For as long as she could remember, Alison saw herself in her pale wooden frame directly in her father’s line of vision, smiling like a puppy with her head on her hands, telling the self that was watching her, I’m happy here, you see, like this. I don’t want to change. But when the girl with the transparent hair grew outside of that frame as she was forced to do, and developed into her fully redheaded reality, change had already happened.
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Sometimes they meet with their friends in the evening. Ratiba listens. She rarely enters into the debate, but she puts her thoughts into carefully penned articles and submits them, free-lance, to the Arab newspaper in East Jerusalem. On the third Sunday of each month Ratiba takes the bus to the newspaper agency, to collect payment for her articles.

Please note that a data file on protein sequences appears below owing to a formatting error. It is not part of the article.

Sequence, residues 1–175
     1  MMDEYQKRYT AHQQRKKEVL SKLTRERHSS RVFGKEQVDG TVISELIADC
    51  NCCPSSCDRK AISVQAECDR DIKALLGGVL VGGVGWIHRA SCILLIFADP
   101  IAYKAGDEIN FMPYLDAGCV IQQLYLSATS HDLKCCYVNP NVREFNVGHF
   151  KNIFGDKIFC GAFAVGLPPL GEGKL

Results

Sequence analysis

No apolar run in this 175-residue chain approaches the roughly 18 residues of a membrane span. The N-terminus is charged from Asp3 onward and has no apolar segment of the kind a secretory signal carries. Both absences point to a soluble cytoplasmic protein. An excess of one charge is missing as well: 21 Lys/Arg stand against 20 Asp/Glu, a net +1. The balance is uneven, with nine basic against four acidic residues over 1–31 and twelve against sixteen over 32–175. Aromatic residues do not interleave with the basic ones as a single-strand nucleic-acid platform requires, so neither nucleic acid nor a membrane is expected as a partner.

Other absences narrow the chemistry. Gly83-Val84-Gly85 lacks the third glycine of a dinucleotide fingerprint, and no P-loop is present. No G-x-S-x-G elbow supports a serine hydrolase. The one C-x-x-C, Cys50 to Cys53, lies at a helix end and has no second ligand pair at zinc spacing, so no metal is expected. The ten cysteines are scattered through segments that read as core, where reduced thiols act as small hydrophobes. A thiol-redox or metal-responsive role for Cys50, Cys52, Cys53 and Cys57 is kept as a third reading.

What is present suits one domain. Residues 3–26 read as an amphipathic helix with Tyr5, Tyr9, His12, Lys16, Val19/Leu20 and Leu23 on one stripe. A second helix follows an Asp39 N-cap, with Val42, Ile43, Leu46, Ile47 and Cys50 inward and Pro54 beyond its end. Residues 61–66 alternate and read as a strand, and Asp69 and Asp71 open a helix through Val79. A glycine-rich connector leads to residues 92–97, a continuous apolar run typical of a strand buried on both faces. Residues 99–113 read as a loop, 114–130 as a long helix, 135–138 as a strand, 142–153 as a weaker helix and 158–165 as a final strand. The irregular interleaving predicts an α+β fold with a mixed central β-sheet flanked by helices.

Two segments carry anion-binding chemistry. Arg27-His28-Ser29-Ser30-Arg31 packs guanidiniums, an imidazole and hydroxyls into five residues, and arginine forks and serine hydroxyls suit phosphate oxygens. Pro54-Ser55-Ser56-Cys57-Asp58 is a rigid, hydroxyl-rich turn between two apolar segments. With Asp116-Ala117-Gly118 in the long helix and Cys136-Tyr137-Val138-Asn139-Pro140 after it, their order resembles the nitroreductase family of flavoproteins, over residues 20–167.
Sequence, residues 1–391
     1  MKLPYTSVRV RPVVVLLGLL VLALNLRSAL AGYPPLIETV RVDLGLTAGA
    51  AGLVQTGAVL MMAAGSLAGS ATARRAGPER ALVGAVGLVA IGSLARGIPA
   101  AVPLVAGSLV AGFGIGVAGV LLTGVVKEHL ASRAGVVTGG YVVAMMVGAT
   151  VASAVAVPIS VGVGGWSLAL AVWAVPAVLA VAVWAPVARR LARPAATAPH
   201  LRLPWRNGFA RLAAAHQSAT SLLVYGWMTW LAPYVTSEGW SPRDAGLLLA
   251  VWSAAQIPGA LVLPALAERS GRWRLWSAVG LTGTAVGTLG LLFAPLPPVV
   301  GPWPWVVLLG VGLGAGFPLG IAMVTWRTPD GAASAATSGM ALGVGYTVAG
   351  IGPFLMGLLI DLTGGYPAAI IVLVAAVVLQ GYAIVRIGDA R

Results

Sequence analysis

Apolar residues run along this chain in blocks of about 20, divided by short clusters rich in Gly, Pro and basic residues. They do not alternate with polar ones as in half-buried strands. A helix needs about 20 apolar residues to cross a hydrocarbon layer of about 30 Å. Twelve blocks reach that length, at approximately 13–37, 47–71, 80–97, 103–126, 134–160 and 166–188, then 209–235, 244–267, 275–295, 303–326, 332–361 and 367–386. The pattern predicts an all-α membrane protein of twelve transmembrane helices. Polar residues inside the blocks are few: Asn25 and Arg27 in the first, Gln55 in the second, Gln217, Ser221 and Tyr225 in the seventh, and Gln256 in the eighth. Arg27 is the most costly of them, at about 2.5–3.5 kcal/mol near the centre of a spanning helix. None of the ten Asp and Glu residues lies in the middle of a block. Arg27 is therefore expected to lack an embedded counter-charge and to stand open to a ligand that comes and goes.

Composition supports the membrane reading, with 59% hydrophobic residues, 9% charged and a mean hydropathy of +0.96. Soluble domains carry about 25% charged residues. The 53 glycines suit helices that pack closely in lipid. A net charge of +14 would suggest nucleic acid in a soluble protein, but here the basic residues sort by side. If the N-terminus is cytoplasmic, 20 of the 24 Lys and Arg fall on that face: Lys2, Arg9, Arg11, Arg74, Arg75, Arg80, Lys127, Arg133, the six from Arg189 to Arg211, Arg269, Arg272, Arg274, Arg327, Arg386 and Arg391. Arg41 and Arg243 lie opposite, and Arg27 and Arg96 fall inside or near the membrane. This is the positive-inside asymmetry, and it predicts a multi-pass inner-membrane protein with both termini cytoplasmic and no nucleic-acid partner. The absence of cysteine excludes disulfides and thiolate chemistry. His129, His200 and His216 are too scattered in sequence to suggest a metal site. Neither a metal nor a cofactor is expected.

I’m here, near Naama and Elisheva. My, what a brood they have between them, a veritable tribe. I’d better not get into that, though; tribes are what got us onto the wrong path in the first place. We’ve come a long way, Elisheva, Naama, Orit, and I. Yes, and Ratiba. I’ve forced my way into her dreams, too. What I love most about these women is that they are fighters. Not futile bearers of arms, destroyers of life, but fighters for the good life, for understanding. The moment my Elisheva encountered the inside of a hospital ward with its blood, its tears, and its death rattle, she dropped the easy life like a stolen jewel. Healing. That is what enthralls her. It was in such a way that her heart grabbed hold of Dovy, chose him the moment it saw his wound. Elisheva followed her heart without so much as a backward glance. That’s what I love about her. Doesn’t shirk, fights to repair the fabric of her world.